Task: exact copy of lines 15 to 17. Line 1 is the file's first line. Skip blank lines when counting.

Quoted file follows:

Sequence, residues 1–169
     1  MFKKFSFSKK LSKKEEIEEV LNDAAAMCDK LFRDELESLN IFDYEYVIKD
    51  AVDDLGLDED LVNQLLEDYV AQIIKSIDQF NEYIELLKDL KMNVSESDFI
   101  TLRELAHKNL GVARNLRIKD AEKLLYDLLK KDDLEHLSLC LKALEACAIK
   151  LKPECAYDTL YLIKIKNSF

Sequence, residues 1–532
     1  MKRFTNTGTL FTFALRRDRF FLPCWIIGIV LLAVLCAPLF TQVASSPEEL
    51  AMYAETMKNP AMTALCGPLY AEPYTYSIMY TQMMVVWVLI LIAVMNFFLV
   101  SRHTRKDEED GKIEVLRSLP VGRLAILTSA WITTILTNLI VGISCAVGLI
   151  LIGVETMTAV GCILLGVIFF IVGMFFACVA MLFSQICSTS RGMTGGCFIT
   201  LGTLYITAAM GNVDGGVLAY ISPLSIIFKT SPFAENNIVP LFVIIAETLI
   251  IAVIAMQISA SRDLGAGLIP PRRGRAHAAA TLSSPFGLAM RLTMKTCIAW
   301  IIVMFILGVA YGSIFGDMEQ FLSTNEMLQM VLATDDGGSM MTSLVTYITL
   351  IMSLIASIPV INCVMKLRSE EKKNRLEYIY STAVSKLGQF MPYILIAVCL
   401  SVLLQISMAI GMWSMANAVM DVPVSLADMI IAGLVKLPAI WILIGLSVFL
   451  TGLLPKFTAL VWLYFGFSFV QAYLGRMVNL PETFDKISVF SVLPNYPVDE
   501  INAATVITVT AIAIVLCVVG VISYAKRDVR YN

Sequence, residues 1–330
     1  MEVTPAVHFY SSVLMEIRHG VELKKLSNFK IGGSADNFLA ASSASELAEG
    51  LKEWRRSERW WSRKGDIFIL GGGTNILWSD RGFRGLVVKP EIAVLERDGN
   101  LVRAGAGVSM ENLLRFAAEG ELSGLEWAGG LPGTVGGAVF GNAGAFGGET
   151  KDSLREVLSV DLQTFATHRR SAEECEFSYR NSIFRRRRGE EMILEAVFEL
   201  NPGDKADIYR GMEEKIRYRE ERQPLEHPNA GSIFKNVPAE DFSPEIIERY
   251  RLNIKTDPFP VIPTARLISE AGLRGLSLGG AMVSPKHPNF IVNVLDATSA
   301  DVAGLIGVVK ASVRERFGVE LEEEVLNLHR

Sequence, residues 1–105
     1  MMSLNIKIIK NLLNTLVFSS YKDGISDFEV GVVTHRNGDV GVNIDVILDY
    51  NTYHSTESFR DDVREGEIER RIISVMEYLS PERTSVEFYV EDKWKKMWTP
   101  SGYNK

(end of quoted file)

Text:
   401  SVLLQISMAI GMWSMANAVM DVPVSLADMI IAGLVKLPAI WILIGLSVFL
   451  TGLLPKFTAL VWLYFGFSFV QAYLGRMVNL PETFDKISVF SVLPNYPVDE
   501  INAATVITVT AIAIVLCVVG VISYAKRDVR YN